Data Challenge Winners: Identifying African crop types using satellite imagery
A conversation with the First Place winners of the Radiant Earth Computer Vision for Crop Detection from Satellite Imagery data challenge.
In May, we announced the winners of the Radiant Earth Computer Vision for Crop Detection from Satellite Imagery data challenge, which took place in February and March 2020. A total of 440 data scientists signed up for the challenge, representing a wide range of educational backgrounds, institutions, and geographies. While five winners were selected, in this Q&A, we sat down with Karim Amer, the First Place Overall Winner of the Data challenge, and the First Place African Citizen winner, Femi Sotonwa. Our goal is to learn more about the people behind the top scores.
First Place Overall Winner, Karim Amer
“[Africa] has a lot of young and talented minds and knowledge is available to anyone passionate and ready to work hard. However, we need to identify our main priorities based on available resources.”
Meet Karim Amer, the First Place Overall Winner of the Crop Detection data challenge. Mr. Amer is a Computer Vision researcher at the Nile University in Egypt, applying deep learning to different problems in the last four years. He is also concurrently working on his Master’s thesis, which focuses on vision-based autonomous navigation systems for GPS denied environments.
Mr. Amer previously worked as a research assistant with the Ubiquitous and Visual Computing Group at Nile University, where he published several papers about satellite image analysis between 2016 and 2018. In 2019, he became a research intern at Siemens Healthineers Technology Center in Flanders, New Jersey, USA where he worked on the development of cutting-edge segmentation models that can be used in multiple clinical applications.
In addition to academic interests, Karim is fond of Japanese Anime and considers it a unique source of innovation.
In this Q&A, Mr. Amer talks to us about his journey to become a data scientist and ultimately winning the Radiant Earth crop detection data challenge.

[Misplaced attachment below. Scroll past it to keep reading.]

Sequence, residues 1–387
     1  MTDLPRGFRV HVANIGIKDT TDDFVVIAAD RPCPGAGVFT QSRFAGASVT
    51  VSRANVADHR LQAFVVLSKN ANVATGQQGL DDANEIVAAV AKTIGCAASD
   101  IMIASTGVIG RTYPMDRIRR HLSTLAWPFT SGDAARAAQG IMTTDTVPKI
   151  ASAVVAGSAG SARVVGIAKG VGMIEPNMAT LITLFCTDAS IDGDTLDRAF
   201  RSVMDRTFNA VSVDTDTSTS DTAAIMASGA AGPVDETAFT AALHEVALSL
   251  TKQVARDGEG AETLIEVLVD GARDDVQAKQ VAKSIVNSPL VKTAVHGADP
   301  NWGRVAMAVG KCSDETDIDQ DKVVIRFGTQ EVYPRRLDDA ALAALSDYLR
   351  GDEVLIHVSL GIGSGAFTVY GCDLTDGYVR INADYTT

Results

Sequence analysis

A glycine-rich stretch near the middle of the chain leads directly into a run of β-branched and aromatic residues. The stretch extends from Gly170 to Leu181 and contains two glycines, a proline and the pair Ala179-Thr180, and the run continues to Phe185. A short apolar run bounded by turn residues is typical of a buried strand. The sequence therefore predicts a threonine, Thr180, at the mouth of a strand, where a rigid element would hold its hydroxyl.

Congratulations on winning the Radiant Earth Crop Detection Data Challenge! Tell us about yourself?
I am 27 years old with two siblings and live in Cairo, Egypt. At school, I excelled at Mathematics, and I wanted to understand how it could be used effectively in real life. That was why I decided to study Computer Engineering in college, where I learned about machine learning and how we can build intelligent machines that could improve our lives.
My undergraduate project was on the automation of the machine learning process, which can save data scientists and engineers a considerable amount of time when they do their work. As deep learning technology emerged, I decided to pursue my graduate studies in this innovative field. I wanted to apply what I am learning about real life problems and started participating in online machine learning competitions. I am currently a Kaggle Expert.
What did you think of the Data Challenge, and how did you approach it?
The competition was challenging and had room for creative ideas, which was interesting to me. The provided dataset was a time series of high-resolution multispectral satellite images of an agricultural area in Western Kenya. The images were acquired on 13 different days within five months. The objective was to classify the planted crop in some farms in this region.
After exploring the data, it became clear that a spatio-temporal neural network was the best solution. But I also realized that with no available pre-trained model on similar data, the hurdle would be to establish how to train the model on a small dataset (~3K training samples). My approach was to start with a simpler model and to gradually increase its complexity while adding more data augmentation to avoid overfitting.
My final model was a multi-layer Convolutional Neural Network (CNN) with a particular pooling layer. Seeing that some farms only occupied a couple of pixels and others held tens of pixels, I designed the model to take into consideration the area of input farms, followed by a multi-layer Gated Recurrent Network (GRU).
My key takeaway from this challenge is that neural networks are fantastic and have many degrees of freedom, which can be utilized for any structured data like images, text, time series, and graphs. It just needs some patience and consistency to get the best out of it as the tuning process usually takes some time before reaching the best configuration.
How did you learn about the Radiant Earth Data Challenge Competition?